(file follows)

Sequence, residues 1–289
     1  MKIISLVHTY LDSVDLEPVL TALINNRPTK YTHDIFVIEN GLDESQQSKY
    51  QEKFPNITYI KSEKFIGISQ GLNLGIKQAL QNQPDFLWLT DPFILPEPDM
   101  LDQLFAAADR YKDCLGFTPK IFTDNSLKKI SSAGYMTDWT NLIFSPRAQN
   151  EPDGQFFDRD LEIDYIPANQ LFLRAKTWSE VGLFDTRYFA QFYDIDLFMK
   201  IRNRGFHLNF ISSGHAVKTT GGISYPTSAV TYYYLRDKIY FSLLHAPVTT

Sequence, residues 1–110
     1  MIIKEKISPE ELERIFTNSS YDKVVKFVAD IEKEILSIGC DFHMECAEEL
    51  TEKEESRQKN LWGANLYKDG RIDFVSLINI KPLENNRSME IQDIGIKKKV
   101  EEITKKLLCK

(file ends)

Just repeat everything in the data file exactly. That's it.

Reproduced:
Sequence, residues 1–289
     1  MKIISLVHTY LDSVDLEPVL TALINNRPTK YTHDIFVIEN GLDESQQSKY
    51  QEKFPNITYI KSEKFIGISQ GLNLGIKQAL QNQPDFLWLT DPFILPEPDM
   101  LDQLFAAADR YKDCLGFTPK IFTDNSLKKI SSAGYMTDWT NLIFSPRAQN
   151  EPDGQFFDRD LEIDYIPANQ LFLRAKTWSE VGLFDTRYFA QFYDIDLFMK
   201  IRNRGFHLNF ISSGHAVKTT GGISYPTSAV TYYYLRDKIY FSLLHAPVTT

Sequence, residues 1–110
     1  MIIKEKISPE ELERIFTNSS YDKVVKFVAD IEKEILSIGC DFHMECAEEL
    51  TEKEESRQKN LWGANLYKDG RIDFVSLINI KPLENNRSME IQDIGIKKKV
   101  EEITKKLLCK